Mentorship - how to skyrocket your testing career

In my recent posts focused on learning I put much attention on mentorship importance. I listed it as one of the points in how to become a software testerand described it as one of the most effective ways of learning how to automate tests. When I was skiing last week in the Alps I decided to explain it in detail. Seeing post picture you probably already know what view triggered that.

When kids learn how to ski they follow trainer’s route. He teaches them everything: how to stop, how to turn and even how to crash. It doesn’t occur to them to take different route and start learning on their own. I recommend you to do the same when it comes to software testing (or any other IT job). Follow the path of wise mentor and take full advantage of his broad knowledge. As I’ll explain in point 4 this is win-win situation for both of you.

Benefits of having a mentor

If you’re willing to learn novice you can quickly improve your job market value. Here is the list of the most important benefits:

a) Short feedback loop

One of the most important lean startup principle says that whenever you create something new ( test case, automated test code, blog post, business etc.) you should gather feedback as fast as possible and act on it. This of course isn’t always nice - you have to show some courage and open yourself for criticism. With mentor sitting close to you constructive remarks are almost immediate and you can improve continuously.

b) Easy knowledge gap identification

By observing what skills you lack comparable to your mentor you can identify your knowledge gaps. This allows you to work on those skills, for example after work. First step is much easier - you can ask for good knowledge sources or live training.

c) Fixing annoying and time consuming blockers

I’m pretty sure it happened to you many times. You start doing something new, follow tutorial step by step, but this damn thing for some reason just doesn’t work. It’s like Tomb Raider riddle which takes you 2 days to figure out. Stackoverflow sometimes (very rarely) fail to deliver correct solution. With mentors and their better understanding on how things work internally you have a person that can quickly fix your weird problems. You save impressive amount of time.

What traits make ideal mentor?

Not everyone with broad knowledge is good mentor candidate. Effective coach should be:

a) Likeable/easygoing

Obvious one. You don’t want someone weird teaching you. Ideally he should understand the importance of soft skills and help you improve them too.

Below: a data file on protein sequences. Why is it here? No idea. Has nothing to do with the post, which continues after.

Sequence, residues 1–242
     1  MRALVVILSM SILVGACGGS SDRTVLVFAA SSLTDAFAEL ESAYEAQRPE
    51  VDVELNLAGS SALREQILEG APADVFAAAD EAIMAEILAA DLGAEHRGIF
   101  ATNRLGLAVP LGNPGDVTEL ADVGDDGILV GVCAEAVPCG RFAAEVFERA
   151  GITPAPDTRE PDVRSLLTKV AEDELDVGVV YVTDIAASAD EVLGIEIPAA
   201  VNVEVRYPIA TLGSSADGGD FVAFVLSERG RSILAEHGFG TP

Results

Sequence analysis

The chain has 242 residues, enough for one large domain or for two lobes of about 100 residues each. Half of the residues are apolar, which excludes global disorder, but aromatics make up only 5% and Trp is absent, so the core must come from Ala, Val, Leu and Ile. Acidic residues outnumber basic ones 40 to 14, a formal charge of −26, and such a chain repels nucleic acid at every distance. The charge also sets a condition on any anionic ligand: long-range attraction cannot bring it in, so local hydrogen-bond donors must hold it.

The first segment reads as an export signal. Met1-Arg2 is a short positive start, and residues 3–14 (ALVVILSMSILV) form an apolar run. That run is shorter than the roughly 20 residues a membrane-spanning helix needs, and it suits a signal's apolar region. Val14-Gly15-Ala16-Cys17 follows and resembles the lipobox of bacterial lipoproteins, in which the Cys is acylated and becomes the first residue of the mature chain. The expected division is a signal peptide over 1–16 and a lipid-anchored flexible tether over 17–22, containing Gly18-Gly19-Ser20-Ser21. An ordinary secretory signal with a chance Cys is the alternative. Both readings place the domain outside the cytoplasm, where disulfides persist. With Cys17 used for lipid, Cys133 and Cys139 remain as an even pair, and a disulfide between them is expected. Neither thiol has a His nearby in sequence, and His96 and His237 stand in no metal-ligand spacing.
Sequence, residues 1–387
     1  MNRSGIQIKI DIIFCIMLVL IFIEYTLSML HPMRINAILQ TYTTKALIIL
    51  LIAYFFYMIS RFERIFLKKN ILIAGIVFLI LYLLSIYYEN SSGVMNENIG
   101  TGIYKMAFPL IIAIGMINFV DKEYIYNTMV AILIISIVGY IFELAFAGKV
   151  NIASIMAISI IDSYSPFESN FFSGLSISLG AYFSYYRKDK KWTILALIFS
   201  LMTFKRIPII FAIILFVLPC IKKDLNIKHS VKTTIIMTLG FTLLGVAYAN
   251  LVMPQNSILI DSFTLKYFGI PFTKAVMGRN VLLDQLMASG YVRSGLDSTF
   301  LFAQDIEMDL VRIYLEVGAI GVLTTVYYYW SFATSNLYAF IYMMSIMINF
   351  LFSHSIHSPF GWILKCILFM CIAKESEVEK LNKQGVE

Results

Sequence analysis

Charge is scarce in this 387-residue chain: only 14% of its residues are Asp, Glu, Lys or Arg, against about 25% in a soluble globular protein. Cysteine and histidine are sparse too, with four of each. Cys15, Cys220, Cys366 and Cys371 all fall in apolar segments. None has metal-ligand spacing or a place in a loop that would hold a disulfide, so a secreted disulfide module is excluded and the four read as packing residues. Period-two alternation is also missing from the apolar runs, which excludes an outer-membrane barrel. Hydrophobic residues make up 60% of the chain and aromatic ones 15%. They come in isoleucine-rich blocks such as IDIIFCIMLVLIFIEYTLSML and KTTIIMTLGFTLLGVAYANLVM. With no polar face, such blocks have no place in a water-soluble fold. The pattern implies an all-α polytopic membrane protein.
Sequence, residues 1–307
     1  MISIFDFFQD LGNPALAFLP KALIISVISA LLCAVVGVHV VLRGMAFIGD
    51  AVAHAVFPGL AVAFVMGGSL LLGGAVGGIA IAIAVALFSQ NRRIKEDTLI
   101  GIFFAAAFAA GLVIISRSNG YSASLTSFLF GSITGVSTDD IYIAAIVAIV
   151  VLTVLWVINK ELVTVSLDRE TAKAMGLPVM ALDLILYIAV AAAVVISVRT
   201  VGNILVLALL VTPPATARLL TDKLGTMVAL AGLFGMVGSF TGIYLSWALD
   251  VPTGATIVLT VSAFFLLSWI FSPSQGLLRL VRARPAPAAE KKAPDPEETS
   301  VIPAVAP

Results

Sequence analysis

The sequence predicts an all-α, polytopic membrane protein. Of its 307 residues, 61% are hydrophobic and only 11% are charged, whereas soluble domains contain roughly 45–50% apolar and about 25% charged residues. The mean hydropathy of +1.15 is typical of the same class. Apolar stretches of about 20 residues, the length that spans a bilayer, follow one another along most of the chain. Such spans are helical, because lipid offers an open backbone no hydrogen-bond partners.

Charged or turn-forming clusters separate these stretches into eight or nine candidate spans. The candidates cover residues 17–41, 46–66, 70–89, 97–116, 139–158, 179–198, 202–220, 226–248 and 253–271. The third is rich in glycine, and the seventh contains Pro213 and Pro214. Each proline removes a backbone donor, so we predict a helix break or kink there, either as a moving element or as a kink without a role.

b) Respectable

Master - novice dynamic is very peculiar. As someone being trained you acknowledge master’s superiority. This doesn’t make you worse person than him though. You’re just less skilled employee and should be treated with respect by everyone, including your master.

c) Good at explaining how things work

As someone who finished various schools you probably know that few teachers just don’t have ability to share knowledge. Make sure time you spend with your mentor is more beneficial than reading random tutorial on the Internet.

d) Internally motivated

Mentors should have self-interest in teaching you. Some companies encourage that by listing coaching in senior engineering job description. However smart people usually understand benefits of being a mentor (see point 4) and in companies with healthy culture almost everyone is willing to teach you.

Benefits of being a mentor

Effective mentorship should create mutual benefits. Impact on trainees have already been described in point 2. What about the other side?

a) Better understanding of how things work internally

Whenever I explain something to someone (or write blog post here) I had to dig deeper and make sure my understanding of how things work is complete. This really helps to internalise such knowledge and remember it forever. Try it and you would be surprised how many things you already use every day have to be rechecked.

b) Higher chances for promotion at work

Contrary to broken school system at work we all have common goal. People who share their knowledge with others give company the most. They not only work on their tasks, but also help their peers to improve. Try it and you may earn yourself a higher position.

c) Huge improvement of job market value

I’m getting a lot of job offers which list ‘guidance for the other QAs’ or ‘running workshops and training sessions with developers’. Testing role is changing and soon top jobs would list mentoring skills as prerequisite.


I have stated it few times already on this blog, but would do that again. Remember to always surround yourself with people smarter than you. If you’re the best tester in your company perhaps it’s time to expand your knowledge in other area (security, devops) or move on. Always have Continuous Improvement in mind.

Further reading




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